by Steve Gareau
I’m no psychology expert, but there’s one aspect of this science that’s benefited me in all my years of sales, especially when it comes to meeting people. We’re all aware of our five senses—sight, smell, touch, taste and hearing. But there’s one more sense, talked about by many doctors, psychologists and educators. And I suspect you’ve come into contact with it in some work situations.
Call it a feeling of uneasiness between you and another person, whispering to you to “move on.” Sometimes that voice inside you may be stronger, saying that there’s something wrong with a circumstance and that there’s a different way of dealing with it.
Yes, I’m talking about your “sales sixth sense.” It is that innate intuition we have about people and circumstances which we all possess to some degree, and it’s a skill we can cultivate to help achieve our goals. It doesn’t have to be part of some touchy-feely philosophy—trusting your sixth sense can be incorporated into structured and efficient work practices.
Let’s say you’re with a prospective client. Although you can tell that he or she needs your expertise, uneasiness enters the room. The chances are that if you can feel it, so can the client. That’s your cue to bow out of the situation as gracefully as you can. Leave the door open for a return call at a later date, but move on for now.
Now you might be thinking that it is folly to turn down any business in this economy, and that you are a seasoned professional capable of working through any potential client situation. However, there may be times when your sales sixth sense tells you that a prospective customer is just not the right fit, more trouble than he or she is worth, or that the timing just isn’t right.
You’ll meet countless people during your career, so you need to cultivate an intuition for understanding when a situation will be a no-win one for you. Sometimes you can opt to return to a prospect at a later date, and reassess your earlier conclusions. If you’ve fully developed your sales sixth sense, you’ll be better equipped to handle any issues that come up.
I recall one occasion when I had met with a prospect and had an intuitive feeling that I’d be better off without the business. I chose to listen to that feeling and backed away. I encountered this individual again at a tennis tournament. When we played, winning was all that mattered to him. I have a very strong competitive spirit as well, so my intuition was confirmed—we would not have been a good business fit.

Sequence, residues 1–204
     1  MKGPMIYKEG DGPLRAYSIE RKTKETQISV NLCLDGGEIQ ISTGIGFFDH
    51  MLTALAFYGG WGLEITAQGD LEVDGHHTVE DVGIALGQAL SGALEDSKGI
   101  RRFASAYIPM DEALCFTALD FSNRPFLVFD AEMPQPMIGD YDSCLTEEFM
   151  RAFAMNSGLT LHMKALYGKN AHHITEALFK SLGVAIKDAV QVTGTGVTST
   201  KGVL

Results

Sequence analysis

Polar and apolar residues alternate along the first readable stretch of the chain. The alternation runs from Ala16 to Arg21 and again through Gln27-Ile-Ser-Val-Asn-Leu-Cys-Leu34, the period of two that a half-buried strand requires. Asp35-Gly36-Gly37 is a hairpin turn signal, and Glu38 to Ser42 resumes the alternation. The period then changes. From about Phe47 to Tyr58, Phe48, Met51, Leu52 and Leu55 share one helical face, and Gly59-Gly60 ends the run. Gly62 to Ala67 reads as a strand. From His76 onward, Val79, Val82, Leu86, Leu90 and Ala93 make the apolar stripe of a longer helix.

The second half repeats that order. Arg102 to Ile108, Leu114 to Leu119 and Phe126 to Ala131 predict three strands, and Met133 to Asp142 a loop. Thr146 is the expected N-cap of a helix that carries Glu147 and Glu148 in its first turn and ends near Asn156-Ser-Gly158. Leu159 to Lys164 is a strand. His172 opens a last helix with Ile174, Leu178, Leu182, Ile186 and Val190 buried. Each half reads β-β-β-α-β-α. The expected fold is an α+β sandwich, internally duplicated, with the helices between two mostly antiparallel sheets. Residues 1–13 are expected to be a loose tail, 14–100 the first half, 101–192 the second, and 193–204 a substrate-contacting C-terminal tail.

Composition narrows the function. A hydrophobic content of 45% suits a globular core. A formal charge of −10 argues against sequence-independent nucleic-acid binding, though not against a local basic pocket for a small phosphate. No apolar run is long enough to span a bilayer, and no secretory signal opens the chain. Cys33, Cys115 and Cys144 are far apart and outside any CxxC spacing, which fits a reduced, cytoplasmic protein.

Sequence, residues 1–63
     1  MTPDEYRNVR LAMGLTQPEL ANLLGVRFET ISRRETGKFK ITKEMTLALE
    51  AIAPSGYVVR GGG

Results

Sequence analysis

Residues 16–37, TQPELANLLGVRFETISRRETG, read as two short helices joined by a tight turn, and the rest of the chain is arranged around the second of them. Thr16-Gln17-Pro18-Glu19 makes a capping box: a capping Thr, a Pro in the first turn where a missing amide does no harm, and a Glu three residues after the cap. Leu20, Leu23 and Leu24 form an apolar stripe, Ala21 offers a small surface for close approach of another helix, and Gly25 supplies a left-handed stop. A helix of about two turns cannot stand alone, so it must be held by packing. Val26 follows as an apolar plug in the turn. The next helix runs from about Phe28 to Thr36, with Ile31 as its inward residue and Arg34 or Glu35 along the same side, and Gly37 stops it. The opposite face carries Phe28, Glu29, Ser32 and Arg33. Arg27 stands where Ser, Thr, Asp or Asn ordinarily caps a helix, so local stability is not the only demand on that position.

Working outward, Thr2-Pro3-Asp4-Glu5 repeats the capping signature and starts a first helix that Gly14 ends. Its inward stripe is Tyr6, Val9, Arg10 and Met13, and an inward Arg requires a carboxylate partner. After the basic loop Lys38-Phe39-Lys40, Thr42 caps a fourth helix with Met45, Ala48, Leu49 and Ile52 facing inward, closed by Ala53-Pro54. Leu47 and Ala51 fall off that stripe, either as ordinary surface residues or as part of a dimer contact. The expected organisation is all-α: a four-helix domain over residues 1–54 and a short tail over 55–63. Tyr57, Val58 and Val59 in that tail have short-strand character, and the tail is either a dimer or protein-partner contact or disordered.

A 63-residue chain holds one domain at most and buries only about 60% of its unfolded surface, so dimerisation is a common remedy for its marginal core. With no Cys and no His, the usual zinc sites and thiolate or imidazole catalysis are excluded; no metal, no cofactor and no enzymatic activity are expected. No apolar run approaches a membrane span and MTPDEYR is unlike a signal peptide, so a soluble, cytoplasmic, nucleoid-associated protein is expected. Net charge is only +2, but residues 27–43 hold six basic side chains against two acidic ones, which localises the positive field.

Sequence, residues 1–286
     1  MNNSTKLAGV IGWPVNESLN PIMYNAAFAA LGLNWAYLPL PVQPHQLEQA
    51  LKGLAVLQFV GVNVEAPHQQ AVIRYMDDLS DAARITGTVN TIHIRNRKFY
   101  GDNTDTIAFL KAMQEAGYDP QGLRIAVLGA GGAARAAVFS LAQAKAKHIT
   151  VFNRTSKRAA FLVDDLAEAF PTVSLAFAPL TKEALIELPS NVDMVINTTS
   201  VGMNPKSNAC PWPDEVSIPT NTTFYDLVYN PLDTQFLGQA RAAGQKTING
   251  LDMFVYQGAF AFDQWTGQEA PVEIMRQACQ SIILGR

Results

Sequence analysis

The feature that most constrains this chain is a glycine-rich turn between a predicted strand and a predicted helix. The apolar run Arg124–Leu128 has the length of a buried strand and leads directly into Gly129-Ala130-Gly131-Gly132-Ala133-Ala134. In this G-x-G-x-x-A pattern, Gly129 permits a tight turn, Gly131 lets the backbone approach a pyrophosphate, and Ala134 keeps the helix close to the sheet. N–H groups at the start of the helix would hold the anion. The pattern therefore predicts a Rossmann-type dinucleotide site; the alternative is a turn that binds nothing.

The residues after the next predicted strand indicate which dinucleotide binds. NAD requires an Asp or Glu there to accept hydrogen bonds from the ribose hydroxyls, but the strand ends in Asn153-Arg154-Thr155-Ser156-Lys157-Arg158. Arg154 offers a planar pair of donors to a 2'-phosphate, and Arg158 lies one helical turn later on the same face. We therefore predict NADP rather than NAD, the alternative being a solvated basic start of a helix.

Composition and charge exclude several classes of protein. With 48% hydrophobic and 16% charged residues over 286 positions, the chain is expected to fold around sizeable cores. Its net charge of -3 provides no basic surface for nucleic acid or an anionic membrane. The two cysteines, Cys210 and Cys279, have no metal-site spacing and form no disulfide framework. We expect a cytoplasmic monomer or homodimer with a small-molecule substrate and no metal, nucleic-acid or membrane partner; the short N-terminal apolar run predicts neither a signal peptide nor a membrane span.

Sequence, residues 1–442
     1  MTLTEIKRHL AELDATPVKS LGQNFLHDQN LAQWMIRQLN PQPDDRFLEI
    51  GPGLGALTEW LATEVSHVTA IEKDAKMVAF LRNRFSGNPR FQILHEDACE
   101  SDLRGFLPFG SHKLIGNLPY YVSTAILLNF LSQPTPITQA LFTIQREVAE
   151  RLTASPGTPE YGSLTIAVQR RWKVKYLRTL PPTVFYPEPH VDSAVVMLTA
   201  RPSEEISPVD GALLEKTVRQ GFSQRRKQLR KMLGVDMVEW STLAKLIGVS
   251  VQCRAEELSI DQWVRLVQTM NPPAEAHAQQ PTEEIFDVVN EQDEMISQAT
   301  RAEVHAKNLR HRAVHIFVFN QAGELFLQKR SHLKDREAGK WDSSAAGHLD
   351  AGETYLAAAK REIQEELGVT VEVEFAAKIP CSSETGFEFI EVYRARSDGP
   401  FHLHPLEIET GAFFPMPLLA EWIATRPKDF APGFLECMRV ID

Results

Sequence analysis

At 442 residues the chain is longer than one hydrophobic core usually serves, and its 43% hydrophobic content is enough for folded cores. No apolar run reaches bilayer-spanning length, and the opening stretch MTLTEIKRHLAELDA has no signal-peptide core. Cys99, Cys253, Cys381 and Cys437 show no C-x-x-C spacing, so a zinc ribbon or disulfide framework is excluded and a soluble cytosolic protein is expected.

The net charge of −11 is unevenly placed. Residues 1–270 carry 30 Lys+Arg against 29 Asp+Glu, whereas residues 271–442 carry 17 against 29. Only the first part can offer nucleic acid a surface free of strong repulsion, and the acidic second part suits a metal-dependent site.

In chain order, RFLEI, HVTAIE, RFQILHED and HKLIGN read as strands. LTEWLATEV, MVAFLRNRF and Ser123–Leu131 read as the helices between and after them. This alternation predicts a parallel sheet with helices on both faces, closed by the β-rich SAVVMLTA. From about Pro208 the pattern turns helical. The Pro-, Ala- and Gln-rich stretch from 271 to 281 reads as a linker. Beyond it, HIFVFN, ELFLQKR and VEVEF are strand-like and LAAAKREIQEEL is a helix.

I knew then why that negative feeling had hit me during our earlier sales meeting. The tension I felt then came from that competitive spirit and its clash with my similar spirit—not necessarily the foundation for the kind of cooperative relationship that results in success for all concerned.
Developing Your Sixth Sense
How can you develop your sales sixth sense? Think about the kinds of people you work with well, and those who may not be the best business fit. What are the traits those individuals have in common: are they relaxed and easygoing? Or hard-driving and always pushing? Do you think you will be able to count on them to do what they say, at the pace you may need them to move? Or are they likely to work in a manner that’s not compatible with your comfort zone?
You need to clearly identify character traits in others which preclude a successful working relationship. What are the real deal-breakers for you? When you know what they are, or rather who they are, you’ll know better what business situations you should avoid, or at least postpone for another day. Heed what your sales sixth sense is telling you and step back from situations that don’t work for you. In that way, you will save yourself unnecessary work and grief, saving your energies for successful client engagements and partnerships.
Steve Gareau is the author of Building Your Bridge to Sales Success (Bridge Series Books) available through bookstores and amazon.com. With more than 40 years of entrepreneurial and small business experience, Steve now provides his expertise via consulting, training, speaking and mentoring. Contact him at www.bridgeseriesbooks.com.